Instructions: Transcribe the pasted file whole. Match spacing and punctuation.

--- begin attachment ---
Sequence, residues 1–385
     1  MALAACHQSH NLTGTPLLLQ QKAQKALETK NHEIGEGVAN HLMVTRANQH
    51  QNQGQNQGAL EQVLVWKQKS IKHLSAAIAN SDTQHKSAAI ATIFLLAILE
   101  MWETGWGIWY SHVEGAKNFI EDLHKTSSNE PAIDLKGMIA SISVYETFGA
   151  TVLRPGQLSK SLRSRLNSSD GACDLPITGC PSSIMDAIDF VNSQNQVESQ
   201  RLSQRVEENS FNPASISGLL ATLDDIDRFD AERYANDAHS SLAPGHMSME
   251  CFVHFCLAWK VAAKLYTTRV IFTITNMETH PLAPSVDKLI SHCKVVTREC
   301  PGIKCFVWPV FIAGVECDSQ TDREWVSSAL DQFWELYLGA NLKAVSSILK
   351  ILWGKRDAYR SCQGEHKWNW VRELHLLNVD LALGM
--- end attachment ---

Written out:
Sequence, residues 1–385
     1  MALAACHQSH NLTGTPLLLQ QKAQKALETK NHEIGEGVAN HLMVTRANQH
    51  QNQGQNQGAL EQVLVWKQKS IKHLSAAIAN SDTQHKSAAI ATIFLLAILE
   101  MWETGWGIWY SHVEGAKNFI EDLHKTSSNE PAIDLKGMIA SISVYETFGA
   151  TVLRPGQLSK SLRSRLNSSD GACDLPITGC PSSIMDAIDF VNSQNQVESQ
   201  RLSQRVEENS FNPASISGLL ATLDDIDRFD AERYANDAHS SLAPGHMSME
   251  CFVHFCLAWK VAAKLYTTRV IFTITNMETH PLAPSVDKLI SHCKVVTREC
   301  PGIKCFVWPV FIAGVECDSQ TDREWVSSAL DQFWELYLGA NLKAVSSILK
   351  ILWGKRDAYR SCQGEHKWNW VRELHLLNVD LALGM